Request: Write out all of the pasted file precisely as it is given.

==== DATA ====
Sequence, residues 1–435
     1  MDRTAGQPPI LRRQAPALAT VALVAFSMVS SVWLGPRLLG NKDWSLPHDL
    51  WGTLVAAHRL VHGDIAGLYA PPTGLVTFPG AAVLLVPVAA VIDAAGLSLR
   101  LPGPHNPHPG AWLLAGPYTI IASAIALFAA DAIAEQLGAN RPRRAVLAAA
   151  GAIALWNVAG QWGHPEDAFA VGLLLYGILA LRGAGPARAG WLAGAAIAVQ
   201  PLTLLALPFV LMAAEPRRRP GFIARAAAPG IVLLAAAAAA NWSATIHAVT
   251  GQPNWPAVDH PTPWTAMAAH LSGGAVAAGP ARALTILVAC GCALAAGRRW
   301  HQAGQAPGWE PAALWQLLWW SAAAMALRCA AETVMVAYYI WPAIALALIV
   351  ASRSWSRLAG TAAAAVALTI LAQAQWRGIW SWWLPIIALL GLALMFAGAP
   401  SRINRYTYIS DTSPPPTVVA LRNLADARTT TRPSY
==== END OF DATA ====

Sequence, residues 1–435
     1  MDRTAGQPPI LRRQAPALAT VALVAFSMVS SVWLGPRLLG NKDWSLPHDL
    51  WGTLVAAHRL VHGDIAGLYA PPTGLVTFPG AAVLLVPVAA VIDAAGLSLR
   101  LPGPHNPHPG AWLLAGPYTI IASAIALFAA DAIAEQLGAN RPRRAVLAAA
   151  GAIALWNVAG QWGHPEDAFA VGLLLYGILA LRGAGPARAG WLAGAAIAVQ
   201  PLTLLALPFV LMAAEPRRRP GFIARAAAPG IVLLAAAAAA NWSATIHAVT
   251  GQPNWPAVDH PTPWTAMAAH LSGGAVAAGP ARALTILVAC GCALAAGRRW
   301  HQAGQAPGWE PAALWQLLWW SAAAMALRCA AETVMVAYYI WPAIALALIV
   351  ASRSWSRLAG TAAAAVALTI LAQAQWRGIW SWWLPIIALL GLALMFAGAP
   401  SRINRYTYIS DTSPPPTVVA LRNLADARTT TRPSY